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Golden Eagle

Although capable of killing large prey, golden eagles primarily hunt rabbits, hares, ground squirrels, and prairie dogs. It takes a juvenile bird four years to reach adulthood, juveniles typically don’t have territories and don’t migrate far from their natal territories (where they hatched). They disperse and ”hang around” the region for several years.

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Northern Pintail

Pintails are a fast, long-distant migrant. Using satellite-tracking technology, the longest non-stop flight on record was 1,800 mi/2,900 km.

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Common Nighthawk

Male common nighthawks are known for their dramatic “booming” flight display. When flying above the trees, a male will dive towards the ground and abruptly pull out of the dive, sometimes just above the ground. As he flexes his wings downward, the air rushes across his wingtips, making a booming or whooshing sound. The male may dive to impress a female or scare intruders, such as people.

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American Kestrel

Kestrels hide surplus prey in grass clumps, tree roots, bushes, fence posts, tree limbs, and cavities, to save the food for lean times or to hide it from thieves. In winter in many southern parts of the range, female and males use different habitats. Females use the typical open habitat, and males use areas with more trees. This situation appears to be the result of the females migrating south first and establishing winter territories, leaving males to the more wooded areas.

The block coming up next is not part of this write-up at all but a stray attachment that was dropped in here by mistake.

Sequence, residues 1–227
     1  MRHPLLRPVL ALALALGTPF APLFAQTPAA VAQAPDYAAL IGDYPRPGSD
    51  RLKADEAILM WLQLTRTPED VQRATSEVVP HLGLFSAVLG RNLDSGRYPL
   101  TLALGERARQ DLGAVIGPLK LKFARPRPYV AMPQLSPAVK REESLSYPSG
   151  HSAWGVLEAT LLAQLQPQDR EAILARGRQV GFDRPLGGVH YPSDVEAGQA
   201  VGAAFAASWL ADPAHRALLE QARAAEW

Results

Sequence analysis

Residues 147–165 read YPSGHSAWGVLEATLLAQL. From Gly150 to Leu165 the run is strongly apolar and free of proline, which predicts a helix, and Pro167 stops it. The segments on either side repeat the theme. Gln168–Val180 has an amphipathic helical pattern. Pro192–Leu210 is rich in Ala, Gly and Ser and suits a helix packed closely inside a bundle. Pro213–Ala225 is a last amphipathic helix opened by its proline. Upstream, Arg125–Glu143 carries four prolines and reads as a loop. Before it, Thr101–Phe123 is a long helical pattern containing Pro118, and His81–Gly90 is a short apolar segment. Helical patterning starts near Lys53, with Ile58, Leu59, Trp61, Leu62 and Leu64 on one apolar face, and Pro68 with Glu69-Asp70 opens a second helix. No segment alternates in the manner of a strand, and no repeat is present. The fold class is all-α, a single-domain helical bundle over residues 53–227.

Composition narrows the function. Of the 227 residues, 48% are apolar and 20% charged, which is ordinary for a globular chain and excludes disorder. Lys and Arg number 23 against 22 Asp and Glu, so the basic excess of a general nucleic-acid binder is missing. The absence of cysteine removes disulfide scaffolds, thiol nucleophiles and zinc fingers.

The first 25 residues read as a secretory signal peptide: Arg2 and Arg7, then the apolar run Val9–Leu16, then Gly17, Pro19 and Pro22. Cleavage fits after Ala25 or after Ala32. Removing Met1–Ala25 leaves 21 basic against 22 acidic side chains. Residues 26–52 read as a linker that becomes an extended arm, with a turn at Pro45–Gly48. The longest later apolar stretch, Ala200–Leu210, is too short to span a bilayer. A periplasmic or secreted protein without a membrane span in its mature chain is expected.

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Dickcissel

Dickcissels gather in large flocks for fall and spring migration, up to thousands of birds. On their winter range, flocks may be as large as millions of birds, and these flocks can inflict substantial damage on agricultural crops in South America.

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Horned Lark

The female Horned Lark selects a nest site on bare ground, apparently with no help from her mate. She uses her bill to loosen soil and flip it aside to dig a cavity, sometimes also kicking dirt out with her feet. She either chooses a natural depression in which to build the nest or excavates the site herself, a process that can take several days.

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Mountain Plover

The mountain plover has an unusual mating strategy to increase hatching success of their young. The male builds two nests on the ground (see photo above), often incorporating bits of rocks or even cow pies. The female lays 3 eggs in each nest. The adults are likely not monogamous so there could be more than one father! Each adult incubates a nest to double the likelihood of success, this uniparental strategy is rare among shorebirds.

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Thick-billed Longspur

The ground nests are difficult for predators (and humans) to find because the female sits tightly on her nest until practically stepped upon, relying on her camouflage to avoid detection. Females also have a strong instinct to protect the eggs. One researcher who wanted to count eggs in the nest of a particularly protective mother had to first lift her off the nest because she refused to abandon her eggs even momentarily.

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Lazuli Bunting

Birds can typically be identified by their song, but lazuli buntings make this a tad tricky. When young males arrive on their breeding grounds, they create their own unique song, which is a rearrangement of notes and syllables from other male lazuli buntings’ songs. They then sing their unique song every subsequent breeding season.

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Couch’s Spadefoot

Be cautious handling Couch’s spadefoot toads as they have a skin secretion that can cause allergic reactions in some people. Reactions to secretions can make cuts and scratches painful, as well as result in sneezing, running nose, and watery eyes.

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